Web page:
Patents and a sluggish FDA aren’t the only things putting patients at risk, however. Not only are drug companies monopolizing markets, they are also failing in their attempts to be transparent. In a study, New York University professor Jennifer Miller found the results of many phase two and three clinical trials — which distribute pharmaceuticals to large groups to ensure safety and effectiveness — were not published. Additionally, only 20 percent of final trials were posted to the official trial registry ClinicalTrials.gov. Disclosing results is not legally required, so many companies don’t take the risk of being transparent.
Because results are not readily available, doctors prescribing drugs could be inadvertently harming our health. In 2015 alone, there were several multimillion dollar lawsuits against pharmaceutical companies for causing bodily harm to patients. For example, DrugWatch wrote that lawsuits forced Takeda Pharmaceuticals to settle for $2.4 million when their Diabetes drug Actos caused bladder cancer. Takeda put their product on the market even after tests showed a 40 percent increased risk of the disease, according to DrugWatch.
Not only are companies withholding vital information about products, they may also be actively pushing the prescribing of brand name drugs — drugs that were the first to receive a patent — for the sake of profit. An investigation by ProPublica found that doctors who received more than $5,000 a year from brand name drug companies had an almost 10 percent higher rate of prescribing those companies’ patented products instead of generic versions.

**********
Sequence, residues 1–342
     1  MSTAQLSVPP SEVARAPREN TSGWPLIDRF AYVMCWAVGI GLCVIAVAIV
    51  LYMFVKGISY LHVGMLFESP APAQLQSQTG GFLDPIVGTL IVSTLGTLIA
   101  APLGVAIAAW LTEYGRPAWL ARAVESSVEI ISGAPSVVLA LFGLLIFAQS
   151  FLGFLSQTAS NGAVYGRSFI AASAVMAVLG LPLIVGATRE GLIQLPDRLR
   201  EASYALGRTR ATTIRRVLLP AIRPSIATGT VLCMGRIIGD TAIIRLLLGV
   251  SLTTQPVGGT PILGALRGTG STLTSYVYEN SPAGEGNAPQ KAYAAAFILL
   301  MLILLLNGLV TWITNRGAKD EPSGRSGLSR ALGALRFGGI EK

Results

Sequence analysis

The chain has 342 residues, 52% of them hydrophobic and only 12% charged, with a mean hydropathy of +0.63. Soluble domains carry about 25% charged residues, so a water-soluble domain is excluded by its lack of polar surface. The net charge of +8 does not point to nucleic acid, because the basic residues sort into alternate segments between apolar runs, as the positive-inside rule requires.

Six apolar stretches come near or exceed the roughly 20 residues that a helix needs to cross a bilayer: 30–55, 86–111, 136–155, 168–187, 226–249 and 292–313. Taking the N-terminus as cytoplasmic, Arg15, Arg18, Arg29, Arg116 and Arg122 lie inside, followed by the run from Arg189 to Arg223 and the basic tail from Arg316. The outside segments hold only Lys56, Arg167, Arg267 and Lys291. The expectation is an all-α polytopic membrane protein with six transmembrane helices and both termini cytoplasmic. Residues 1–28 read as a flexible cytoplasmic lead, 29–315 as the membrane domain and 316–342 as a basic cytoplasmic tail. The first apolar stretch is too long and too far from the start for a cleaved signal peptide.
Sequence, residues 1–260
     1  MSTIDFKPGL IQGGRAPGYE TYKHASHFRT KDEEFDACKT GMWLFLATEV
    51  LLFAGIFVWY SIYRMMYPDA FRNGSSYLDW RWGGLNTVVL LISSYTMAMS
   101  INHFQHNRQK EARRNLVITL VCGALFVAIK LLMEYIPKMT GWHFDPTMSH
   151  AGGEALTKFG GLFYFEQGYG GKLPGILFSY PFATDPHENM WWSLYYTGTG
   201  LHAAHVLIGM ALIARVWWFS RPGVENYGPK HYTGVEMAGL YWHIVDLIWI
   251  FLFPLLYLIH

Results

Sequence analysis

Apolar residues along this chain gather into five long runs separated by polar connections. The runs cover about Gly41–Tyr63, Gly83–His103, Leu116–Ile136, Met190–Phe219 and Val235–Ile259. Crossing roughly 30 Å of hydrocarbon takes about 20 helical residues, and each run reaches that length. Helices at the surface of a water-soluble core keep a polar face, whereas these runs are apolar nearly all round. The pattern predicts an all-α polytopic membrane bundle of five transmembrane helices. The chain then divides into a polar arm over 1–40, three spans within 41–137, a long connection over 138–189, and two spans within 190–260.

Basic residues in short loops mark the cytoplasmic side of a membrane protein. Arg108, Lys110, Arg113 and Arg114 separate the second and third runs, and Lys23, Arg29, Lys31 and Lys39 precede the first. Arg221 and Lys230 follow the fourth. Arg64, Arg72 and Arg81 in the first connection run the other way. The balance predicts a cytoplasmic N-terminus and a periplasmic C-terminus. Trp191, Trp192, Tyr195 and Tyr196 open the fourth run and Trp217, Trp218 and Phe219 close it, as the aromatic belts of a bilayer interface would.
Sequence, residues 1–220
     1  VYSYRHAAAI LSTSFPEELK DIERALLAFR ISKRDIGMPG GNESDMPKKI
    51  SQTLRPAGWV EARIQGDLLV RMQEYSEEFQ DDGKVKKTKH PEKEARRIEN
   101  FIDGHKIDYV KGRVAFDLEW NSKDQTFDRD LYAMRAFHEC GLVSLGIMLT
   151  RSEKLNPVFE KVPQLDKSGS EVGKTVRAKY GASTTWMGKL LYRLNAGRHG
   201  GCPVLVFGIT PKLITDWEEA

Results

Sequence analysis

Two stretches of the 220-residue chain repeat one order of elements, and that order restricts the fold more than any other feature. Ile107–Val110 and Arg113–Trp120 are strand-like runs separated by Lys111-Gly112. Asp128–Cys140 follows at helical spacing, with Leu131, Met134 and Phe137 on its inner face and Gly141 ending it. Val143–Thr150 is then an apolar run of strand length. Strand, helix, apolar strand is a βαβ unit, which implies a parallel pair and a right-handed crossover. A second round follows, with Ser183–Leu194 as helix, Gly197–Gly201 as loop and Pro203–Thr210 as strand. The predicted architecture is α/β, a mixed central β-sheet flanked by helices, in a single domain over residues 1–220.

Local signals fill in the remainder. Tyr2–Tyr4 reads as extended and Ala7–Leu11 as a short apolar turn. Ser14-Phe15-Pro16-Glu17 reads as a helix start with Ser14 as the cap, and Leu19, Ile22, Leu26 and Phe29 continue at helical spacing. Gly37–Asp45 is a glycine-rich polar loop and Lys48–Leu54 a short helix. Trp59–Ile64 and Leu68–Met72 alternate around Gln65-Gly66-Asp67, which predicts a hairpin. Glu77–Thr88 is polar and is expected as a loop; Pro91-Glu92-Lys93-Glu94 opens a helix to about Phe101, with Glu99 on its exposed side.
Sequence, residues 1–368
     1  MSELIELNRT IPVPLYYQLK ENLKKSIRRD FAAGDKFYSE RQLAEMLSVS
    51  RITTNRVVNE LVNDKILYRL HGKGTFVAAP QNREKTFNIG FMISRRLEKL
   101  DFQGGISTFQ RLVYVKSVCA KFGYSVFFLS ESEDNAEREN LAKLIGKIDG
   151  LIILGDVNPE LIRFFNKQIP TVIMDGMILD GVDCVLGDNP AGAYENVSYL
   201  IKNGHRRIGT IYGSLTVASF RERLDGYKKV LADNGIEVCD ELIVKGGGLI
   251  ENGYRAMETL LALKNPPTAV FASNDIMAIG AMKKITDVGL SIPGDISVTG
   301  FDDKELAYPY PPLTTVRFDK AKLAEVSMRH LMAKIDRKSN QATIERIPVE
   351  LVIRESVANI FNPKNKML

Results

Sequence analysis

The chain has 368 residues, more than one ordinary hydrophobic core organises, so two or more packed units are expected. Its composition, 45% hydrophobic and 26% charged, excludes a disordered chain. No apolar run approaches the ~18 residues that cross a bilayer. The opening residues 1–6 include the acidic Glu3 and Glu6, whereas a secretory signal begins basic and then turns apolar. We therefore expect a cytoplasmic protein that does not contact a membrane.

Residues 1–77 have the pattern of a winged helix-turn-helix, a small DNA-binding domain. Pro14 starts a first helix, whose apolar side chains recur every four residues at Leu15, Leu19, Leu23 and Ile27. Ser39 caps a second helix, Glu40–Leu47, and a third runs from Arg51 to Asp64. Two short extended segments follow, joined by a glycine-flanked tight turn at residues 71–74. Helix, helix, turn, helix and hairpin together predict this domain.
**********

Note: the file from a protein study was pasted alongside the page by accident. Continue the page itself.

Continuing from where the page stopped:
Because so many Americans are affected, grassroots efforts to combat Big Pharma’s abuse of the system have started to crop up. One group, Universities Allied for Essential Medicines, organizes students to speak out against big pharmaceutical companies. Alexandra Greenberg, a spokeswoman for the organization, said that Americans have a right to most pharmaceuticals because they were created with taxpayer dollars. EpiPen in particular, she said, was developed completely through a Department of Defense grant.
“It actually is a taxpayer funded invention, in that the government provided the necessary money to develop,” Greenberg said. “And now, down the line it has eventually fallen into the hands of Mylan.”
Whether through FDA improvements or citizen activism, only time will tell where the future of pharmaceuticals will lead. For now, issues still remain with the companies that are in control. But Clowes, the University of Delaware student, said she hopes the EpiPen scandal creates awareness of the issues within the system.
“I’m hoping that this will bring to attention the problem there is with healthcare in America and the apparent problem with people not being able to afford medical treatment.”
Anna Lamb is a sophomore journalism major who is seriously thinking about switching to “alternative medicine.” They can be reached at email@example.com.